Michael Lanza

A former field editor and primary gear reviewer for Backpacker Magazine, Michael Lanza created The Big Outside to share stories and images from his many backpacking, hiking, and other outdoor adventures, as well as expert tips and gear reviews to help readers plan and pull off their own great adventures.

2 Comments

  1. Avatar

    I couldn’t figure out a good temperature gage for these boots. For instance with a pair of wool socks on, would you think they would keep your feet warm up to 20?, 0?, -20? degrees Fahrenheit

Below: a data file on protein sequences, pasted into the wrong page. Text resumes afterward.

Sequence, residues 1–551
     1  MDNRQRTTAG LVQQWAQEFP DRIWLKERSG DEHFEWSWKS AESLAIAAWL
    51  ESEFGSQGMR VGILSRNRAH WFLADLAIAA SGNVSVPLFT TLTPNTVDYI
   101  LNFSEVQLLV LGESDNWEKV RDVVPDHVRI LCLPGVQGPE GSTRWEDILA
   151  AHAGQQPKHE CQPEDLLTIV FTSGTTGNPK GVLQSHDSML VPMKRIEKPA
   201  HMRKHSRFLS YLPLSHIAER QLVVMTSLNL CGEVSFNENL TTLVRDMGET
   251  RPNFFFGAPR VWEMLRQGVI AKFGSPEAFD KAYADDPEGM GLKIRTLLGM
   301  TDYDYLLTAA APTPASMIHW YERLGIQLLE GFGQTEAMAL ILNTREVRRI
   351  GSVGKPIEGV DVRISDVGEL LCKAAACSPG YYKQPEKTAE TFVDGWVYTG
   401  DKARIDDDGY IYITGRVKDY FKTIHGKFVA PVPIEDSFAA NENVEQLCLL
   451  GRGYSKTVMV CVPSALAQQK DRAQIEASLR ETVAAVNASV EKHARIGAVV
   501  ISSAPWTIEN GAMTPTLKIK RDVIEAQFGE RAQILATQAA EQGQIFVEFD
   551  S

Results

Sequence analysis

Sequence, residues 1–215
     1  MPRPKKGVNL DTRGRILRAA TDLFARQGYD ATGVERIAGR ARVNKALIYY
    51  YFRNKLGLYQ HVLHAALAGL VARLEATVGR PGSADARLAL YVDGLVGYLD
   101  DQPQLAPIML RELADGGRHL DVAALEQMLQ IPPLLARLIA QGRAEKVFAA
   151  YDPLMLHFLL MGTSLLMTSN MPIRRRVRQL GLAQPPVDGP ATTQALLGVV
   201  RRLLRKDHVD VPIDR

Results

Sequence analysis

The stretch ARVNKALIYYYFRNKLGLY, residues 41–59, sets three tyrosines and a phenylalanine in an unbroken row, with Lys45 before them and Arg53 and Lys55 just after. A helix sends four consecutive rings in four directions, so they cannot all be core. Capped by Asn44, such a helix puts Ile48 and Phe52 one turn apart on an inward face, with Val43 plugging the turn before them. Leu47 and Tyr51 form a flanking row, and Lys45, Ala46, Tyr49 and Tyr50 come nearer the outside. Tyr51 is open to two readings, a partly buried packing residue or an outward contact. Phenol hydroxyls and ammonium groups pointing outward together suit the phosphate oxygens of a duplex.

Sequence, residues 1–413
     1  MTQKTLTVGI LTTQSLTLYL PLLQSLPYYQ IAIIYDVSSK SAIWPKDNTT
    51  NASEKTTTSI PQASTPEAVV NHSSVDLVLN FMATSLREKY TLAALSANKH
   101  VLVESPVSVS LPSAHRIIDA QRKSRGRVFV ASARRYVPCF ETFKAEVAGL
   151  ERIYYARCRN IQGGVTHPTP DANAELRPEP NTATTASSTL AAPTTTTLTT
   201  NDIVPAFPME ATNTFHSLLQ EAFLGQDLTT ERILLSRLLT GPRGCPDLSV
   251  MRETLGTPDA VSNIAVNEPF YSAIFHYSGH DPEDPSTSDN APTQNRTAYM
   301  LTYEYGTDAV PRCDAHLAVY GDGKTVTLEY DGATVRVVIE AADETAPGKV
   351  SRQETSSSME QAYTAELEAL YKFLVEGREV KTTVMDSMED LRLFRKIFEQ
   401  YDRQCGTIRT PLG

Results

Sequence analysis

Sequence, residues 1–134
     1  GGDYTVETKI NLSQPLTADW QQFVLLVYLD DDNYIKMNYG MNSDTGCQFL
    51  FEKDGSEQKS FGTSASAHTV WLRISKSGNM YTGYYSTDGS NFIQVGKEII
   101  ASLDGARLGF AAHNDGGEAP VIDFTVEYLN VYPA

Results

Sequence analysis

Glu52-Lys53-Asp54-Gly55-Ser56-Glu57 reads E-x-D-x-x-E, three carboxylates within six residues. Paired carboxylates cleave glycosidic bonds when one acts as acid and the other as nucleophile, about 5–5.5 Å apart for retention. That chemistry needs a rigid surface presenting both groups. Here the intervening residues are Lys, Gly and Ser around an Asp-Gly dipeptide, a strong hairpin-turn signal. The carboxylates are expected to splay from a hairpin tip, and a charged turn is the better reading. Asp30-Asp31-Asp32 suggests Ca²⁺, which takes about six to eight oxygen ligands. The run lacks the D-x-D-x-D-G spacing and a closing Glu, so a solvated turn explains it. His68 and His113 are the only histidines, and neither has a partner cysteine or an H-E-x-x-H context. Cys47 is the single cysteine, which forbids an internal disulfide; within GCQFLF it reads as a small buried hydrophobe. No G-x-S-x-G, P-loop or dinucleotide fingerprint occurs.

Reply
    • MichaelALanza

      Hi Joe, I look at them the way I would most mid-cut boots with a waterproof-breathable membrane, leather uppers, and no insulation: They’re made for three-season trips, and they can keep your feet dry when hiking through snow lingering in the mountains in summer, and would be warm enough in temperatures below freezing (20s Fahrenheit). But given the lack of insulation (which is generally not used in any three-season boots), many hikers wearing typical, midweight hiking socks would probably start feeling cold toes–or even very cold feet–when the temps drop into the low 20s.

      Reply